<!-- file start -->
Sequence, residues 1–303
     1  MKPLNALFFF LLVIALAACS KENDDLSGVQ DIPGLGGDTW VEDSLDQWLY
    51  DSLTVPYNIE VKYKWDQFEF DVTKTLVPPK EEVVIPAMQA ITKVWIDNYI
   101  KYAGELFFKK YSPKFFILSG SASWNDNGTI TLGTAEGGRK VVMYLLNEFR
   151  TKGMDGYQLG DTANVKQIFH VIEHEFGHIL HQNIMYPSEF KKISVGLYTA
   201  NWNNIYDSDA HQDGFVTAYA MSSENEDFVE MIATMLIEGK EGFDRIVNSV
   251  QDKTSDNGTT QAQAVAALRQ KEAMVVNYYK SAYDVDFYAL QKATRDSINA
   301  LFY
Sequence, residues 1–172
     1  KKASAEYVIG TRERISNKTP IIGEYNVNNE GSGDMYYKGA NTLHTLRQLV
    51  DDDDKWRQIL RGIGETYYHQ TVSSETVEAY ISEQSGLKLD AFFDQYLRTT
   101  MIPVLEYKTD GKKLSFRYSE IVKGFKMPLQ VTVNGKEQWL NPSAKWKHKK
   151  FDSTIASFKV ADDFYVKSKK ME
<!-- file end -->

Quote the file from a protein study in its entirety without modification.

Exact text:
Sequence, residues 1–303
     1  MKPLNALFFF LLVIALAACS KENDDLSGVQ DIPGLGGDTW VEDSLDQWLY
    51  DSLTVPYNIE VKYKWDQFEF DVTKTLVPPK EEVVIPAMQA ITKVWIDNYI
   101  KYAGELFFKK YSPKFFILSG SASWNDNGTI TLGTAEGGRK VVMYLLNEFR
   151  TKGMDGYQLG DTANVKQIFH VIEHEFGHIL HQNIMYPSEF KKISVGLYTA
   201  NWNNIYDSDA HQDGFVTAYA MSSENEDFVE MIATMLIEGK EGFDRIVNSV
   251  QDKTSDNGTT QAQAVAALRQ KEAMVVNYYK SAYDVDFYAL QKATRDSINA
   301  LFY
Sequence, residues 1–172
     1  KKASAEYVIG TRERISNKTP IIGEYNVNNE GSGDMYYKGA NTLHTLRQLV
    51  DDDDKWRQIL RGIGETYYHQ TVSSETVEAY ISEQSGLKLD AFFDQYLRTT
   101  MIPVLEYKTD GKKLSFRYSE IVKGFKMPLQ VTVNGKEQWL NPSAKWKHKK
   151  FDSTIASFKV ADDFYVKSKK ME